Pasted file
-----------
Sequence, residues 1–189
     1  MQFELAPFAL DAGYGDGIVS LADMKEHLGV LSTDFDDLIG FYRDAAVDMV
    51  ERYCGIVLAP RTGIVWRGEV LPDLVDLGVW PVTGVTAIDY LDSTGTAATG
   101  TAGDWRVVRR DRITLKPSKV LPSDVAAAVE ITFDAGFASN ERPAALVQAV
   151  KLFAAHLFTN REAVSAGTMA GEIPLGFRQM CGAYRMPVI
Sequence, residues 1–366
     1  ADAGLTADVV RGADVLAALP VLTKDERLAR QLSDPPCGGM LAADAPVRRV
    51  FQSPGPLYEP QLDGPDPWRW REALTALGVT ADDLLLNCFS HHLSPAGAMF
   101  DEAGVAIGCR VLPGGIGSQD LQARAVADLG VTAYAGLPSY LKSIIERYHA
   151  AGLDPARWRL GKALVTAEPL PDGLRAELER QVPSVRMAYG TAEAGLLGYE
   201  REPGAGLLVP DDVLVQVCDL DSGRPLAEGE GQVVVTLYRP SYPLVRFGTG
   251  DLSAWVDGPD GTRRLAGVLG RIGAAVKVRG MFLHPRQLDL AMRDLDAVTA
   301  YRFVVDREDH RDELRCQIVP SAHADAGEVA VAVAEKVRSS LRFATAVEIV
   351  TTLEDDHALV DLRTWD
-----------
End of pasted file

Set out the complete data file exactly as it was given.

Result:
Sequence, residues 1–189
     1  MQFELAPFAL DAGYGDGIVS LADMKEHLGV LSTDFDDLIG FYRDAAVDMV
    51  ERYCGIVLAP RTGIVWRGEV LPDLVDLGVW PVTGVTAIDY LDSTGTAATG
   101  TAGDWRVVRR DRITLKPSKV LPSDVAAAVE ITFDAGFASN ERPAALVQAV
   151  KLFAAHLFTN REAVSAGTMA GEIPLGFRQM CGAYRMPVI
Sequence, residues 1–366
     1  ADAGLTADVV RGADVLAALP VLTKDERLAR QLSDPPCGGM LAADAPVRRV
    51  FQSPGPLYEP QLDGPDPWRW REALTALGVT ADDLLLNCFS HHLSPAGAMF
   101  DEAGVAIGCR VLPGGIGSQD LQARAVADLG VTAYAGLPSY LKSIIERYHA
   151  AGLDPARWRL GKALVTAEPL PDGLRAELER QVPSVRMAYG TAEAGLLGYE
   201  REPGAGLLVP DDVLVQVCDL DSGRPLAEGE GQVVVTLYRP SYPLVRFGTG
   251  DLSAWVDGPD GTRRLAGVLG RIGAAVKVRG MFLHPRQLDL AMRDLDAVTA
   301  YRFVVDREDH RDELRCQIVP SAHADAGEVA VAVAEKVRSS LRFATAVEIV
   351  TTLEDDHALV DLRTWD